structures, this mapping should be collected and maintained as metadata. With the advent of modern data warehouse development tools, the mapping process becomes virtually indistinguishable from the process of transformation. Extraction History Whenever historical information is analyzed, meticulous update records must be kept. Often a decision maker begins the process of constructing a time-based report by reviewing the extraction history because any changes to the business rules must be ascertained in order to apply the right rules to the right data. If sales regions were reallocated in 2004, then the decision maker will know that
results prior to that date may not be directly comparable with more recent results. Algorithms for Summarization A typical data warehouse contains a wide variety of lightly and heavily summarized data, as well as fully detailed records. The summarization algorithms applied to the detail data are important to any decision maker analyzing or interpreting the meaning of the summaries. These metadata can also save time by making it easier to decide which level of summarization is most appropriate for a given analysis context. Data Ownership Operational data stores are often "owned" by particular business units or divisions within an organization. In a DW environment, however, all data are stored in a common format and are normally accessible to all, which makes it necessary to identify the originator of each set of data, so that inquiries and corrections can be made to the proper group. It is useful to distinguish between "ownership" of data in the operational environment and "stewardship" in the DW. The administrators of the DW are responsible for the collection, summarization, and dissemination of warehouse data, and in this regard are the caretakers or stewards of the data. The administrators of the source data, however, are responsible for the accuracy of the transaction-level data and are the actual owners of the data. Patterns of Warehouse Access It is often desirable to record patterns of access to the warehouse for the purpose of optimizing and tuning DW performance. Understanding what tables are being accessed, how often, and by whom can alert the DW administrators to ways of improving or simplifying the queries being performed by the end users. Less frequently used data can be migrated to cheaper storage media, and various methods can be employed to accelerate access to the data that are most in demand. Further, the identification and recording of queries can be a valuable resource to the organization because it can facilitate the reuse of queries. Instead of spending the time to figure out how to construct a new query, a decision maker can simply access a repository of past queries and choose the one that most closely resembles the immediate need.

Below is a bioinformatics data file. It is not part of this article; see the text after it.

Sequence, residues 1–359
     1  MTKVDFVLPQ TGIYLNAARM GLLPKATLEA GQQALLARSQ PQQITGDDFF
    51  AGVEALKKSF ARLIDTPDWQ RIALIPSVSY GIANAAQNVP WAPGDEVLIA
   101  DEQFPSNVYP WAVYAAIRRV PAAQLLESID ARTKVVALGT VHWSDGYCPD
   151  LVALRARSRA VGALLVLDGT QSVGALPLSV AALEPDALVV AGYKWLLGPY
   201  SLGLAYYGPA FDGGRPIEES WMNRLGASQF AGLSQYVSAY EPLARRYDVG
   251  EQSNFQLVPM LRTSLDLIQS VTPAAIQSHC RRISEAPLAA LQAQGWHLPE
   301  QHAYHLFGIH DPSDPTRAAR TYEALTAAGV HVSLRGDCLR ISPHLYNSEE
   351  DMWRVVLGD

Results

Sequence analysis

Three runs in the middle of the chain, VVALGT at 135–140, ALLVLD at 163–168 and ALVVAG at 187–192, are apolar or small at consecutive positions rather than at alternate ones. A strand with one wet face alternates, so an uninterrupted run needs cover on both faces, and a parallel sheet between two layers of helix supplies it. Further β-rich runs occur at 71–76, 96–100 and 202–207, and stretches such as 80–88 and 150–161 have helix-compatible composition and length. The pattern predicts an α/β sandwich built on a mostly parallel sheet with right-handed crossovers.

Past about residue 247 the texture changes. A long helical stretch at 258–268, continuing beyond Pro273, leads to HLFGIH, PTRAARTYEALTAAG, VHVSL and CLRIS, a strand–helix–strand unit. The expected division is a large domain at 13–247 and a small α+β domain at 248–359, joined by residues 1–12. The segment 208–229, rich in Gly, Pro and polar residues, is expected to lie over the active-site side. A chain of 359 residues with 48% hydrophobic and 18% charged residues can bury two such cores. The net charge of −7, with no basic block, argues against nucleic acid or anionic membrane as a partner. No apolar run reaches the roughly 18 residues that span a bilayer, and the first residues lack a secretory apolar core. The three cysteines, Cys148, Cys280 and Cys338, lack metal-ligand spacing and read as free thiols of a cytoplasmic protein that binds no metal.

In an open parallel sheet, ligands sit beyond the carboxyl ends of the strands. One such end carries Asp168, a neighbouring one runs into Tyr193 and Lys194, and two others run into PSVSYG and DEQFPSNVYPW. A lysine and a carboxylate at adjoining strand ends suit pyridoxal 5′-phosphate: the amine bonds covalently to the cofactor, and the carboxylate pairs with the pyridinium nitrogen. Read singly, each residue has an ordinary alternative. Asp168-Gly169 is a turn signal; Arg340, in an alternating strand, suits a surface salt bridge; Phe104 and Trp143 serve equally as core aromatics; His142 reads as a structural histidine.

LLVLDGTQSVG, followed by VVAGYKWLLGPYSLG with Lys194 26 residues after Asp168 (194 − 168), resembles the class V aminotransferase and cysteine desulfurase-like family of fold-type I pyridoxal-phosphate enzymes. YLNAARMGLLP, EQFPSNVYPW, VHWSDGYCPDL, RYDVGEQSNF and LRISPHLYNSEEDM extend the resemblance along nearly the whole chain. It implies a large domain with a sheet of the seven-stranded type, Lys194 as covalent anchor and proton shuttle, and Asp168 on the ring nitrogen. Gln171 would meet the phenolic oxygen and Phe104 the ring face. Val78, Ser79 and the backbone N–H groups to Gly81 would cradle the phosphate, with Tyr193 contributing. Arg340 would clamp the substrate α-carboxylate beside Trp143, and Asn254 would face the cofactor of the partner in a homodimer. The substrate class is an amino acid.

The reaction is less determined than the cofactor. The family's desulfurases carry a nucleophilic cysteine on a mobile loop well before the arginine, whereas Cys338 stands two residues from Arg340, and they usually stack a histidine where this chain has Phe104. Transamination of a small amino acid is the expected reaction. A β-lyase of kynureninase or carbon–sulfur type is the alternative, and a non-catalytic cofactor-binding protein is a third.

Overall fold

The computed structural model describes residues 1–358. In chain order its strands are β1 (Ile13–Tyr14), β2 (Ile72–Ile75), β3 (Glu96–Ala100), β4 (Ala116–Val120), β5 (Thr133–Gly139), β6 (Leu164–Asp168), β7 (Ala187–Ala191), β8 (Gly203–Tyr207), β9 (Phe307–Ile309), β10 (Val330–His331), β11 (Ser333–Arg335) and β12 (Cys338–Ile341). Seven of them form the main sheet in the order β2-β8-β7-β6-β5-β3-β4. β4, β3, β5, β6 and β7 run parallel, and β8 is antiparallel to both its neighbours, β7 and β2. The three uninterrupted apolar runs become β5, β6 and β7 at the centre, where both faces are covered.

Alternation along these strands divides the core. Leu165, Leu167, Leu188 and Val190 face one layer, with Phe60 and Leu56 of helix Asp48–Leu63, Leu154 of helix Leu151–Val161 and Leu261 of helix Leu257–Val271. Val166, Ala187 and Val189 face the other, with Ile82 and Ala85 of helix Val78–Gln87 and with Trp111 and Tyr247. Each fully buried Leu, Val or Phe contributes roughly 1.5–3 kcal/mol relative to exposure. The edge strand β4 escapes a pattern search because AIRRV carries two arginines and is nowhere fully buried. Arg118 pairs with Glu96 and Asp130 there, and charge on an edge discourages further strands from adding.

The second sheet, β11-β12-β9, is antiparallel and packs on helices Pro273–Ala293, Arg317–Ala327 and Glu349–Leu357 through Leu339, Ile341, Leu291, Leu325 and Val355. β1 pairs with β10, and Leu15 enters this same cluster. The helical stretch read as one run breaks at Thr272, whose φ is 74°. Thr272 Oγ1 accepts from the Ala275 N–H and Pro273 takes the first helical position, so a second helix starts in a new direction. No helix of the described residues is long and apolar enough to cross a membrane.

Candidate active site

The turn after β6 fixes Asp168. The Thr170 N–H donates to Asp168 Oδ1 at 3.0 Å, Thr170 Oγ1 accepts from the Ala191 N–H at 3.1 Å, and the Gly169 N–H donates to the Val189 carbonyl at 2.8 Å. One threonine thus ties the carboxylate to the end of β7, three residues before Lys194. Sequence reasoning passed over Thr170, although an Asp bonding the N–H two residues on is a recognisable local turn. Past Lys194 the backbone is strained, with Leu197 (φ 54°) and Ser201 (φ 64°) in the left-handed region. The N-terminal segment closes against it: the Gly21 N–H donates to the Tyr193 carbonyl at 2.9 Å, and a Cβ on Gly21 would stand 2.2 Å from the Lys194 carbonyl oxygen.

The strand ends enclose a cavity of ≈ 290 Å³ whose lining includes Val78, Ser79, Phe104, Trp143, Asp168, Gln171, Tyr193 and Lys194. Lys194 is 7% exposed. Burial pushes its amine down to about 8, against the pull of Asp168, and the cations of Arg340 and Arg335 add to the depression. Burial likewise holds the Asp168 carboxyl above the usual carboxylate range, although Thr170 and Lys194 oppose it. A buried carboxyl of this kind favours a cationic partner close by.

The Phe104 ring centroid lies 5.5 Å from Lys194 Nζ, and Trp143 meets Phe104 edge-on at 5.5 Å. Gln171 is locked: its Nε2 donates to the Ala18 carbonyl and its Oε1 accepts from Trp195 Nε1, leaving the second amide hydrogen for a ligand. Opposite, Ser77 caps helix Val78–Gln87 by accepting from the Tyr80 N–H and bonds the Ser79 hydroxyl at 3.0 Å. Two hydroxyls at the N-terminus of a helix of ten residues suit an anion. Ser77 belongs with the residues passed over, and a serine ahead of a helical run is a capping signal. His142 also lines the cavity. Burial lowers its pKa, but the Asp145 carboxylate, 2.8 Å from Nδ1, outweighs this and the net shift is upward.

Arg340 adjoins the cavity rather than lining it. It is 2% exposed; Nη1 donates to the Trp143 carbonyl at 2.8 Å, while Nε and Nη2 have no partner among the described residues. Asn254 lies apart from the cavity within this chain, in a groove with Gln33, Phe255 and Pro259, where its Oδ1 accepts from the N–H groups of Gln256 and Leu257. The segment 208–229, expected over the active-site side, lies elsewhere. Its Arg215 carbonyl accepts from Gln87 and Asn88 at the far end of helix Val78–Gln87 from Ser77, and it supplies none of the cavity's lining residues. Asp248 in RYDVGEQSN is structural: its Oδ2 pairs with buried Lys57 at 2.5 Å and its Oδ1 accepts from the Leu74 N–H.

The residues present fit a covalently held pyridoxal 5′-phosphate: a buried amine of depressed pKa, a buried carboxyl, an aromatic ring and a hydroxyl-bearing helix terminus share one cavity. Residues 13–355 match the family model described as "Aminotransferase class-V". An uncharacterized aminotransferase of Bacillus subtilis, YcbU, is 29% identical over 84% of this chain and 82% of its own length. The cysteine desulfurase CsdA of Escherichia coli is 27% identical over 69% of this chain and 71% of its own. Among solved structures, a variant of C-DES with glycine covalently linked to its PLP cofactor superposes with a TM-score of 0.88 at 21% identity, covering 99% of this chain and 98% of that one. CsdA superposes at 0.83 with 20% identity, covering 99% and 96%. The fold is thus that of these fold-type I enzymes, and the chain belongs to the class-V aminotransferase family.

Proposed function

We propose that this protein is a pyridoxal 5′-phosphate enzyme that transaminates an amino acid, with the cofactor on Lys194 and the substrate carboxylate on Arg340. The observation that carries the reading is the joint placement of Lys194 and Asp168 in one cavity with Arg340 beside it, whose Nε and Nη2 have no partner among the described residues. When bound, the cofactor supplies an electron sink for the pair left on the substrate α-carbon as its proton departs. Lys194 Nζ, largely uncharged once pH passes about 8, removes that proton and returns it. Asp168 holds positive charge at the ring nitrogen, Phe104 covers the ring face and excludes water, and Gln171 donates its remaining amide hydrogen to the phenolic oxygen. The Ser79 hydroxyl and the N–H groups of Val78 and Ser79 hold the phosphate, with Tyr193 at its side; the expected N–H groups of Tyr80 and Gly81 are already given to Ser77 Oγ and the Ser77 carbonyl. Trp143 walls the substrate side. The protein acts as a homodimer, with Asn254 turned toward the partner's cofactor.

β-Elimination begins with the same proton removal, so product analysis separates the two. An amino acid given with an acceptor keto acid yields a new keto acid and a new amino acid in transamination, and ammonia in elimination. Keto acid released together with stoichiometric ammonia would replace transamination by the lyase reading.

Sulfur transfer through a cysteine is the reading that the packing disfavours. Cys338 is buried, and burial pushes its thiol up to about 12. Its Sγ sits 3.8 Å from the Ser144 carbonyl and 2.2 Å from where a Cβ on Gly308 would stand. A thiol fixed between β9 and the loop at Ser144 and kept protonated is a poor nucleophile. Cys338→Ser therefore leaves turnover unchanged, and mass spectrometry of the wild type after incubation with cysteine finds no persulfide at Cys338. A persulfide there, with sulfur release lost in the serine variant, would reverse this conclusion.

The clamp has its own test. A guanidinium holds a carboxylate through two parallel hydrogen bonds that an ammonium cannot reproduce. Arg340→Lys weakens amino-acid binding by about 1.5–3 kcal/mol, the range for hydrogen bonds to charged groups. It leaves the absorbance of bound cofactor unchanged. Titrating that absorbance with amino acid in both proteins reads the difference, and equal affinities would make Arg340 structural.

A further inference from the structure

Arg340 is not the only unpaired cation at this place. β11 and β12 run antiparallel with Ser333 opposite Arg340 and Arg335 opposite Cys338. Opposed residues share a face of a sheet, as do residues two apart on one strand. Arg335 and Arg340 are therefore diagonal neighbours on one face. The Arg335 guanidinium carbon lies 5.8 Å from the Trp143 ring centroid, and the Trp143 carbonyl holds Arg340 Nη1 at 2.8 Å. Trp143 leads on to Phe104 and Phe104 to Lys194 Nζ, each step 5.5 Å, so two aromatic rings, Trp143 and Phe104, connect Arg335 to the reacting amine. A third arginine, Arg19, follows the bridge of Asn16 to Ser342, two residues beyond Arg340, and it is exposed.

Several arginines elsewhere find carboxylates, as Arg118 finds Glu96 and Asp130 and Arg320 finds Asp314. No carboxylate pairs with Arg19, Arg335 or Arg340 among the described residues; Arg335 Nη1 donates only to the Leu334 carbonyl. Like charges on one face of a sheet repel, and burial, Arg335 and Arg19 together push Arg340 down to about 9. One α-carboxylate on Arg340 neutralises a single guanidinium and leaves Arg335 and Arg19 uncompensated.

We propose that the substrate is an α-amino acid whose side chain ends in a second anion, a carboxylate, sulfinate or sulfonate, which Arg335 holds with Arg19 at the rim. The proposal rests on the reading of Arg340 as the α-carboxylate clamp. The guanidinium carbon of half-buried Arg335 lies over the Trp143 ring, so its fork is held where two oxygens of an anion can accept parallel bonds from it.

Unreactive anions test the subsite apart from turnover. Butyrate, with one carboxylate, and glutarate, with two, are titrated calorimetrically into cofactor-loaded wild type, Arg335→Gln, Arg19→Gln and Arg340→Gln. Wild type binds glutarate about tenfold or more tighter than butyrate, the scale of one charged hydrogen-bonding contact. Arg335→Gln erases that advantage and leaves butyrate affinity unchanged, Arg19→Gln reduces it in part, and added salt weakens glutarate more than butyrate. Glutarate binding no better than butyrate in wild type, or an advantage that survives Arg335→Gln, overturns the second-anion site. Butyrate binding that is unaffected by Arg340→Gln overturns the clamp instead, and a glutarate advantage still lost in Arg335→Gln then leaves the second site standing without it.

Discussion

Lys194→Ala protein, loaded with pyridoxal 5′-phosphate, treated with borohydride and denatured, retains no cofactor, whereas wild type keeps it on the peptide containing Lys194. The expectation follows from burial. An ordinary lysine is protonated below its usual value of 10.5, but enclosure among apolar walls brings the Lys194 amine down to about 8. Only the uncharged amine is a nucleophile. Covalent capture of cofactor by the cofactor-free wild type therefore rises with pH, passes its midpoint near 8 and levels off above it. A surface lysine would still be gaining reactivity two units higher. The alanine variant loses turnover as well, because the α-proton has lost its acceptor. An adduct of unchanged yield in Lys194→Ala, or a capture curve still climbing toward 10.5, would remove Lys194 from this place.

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- Fall '17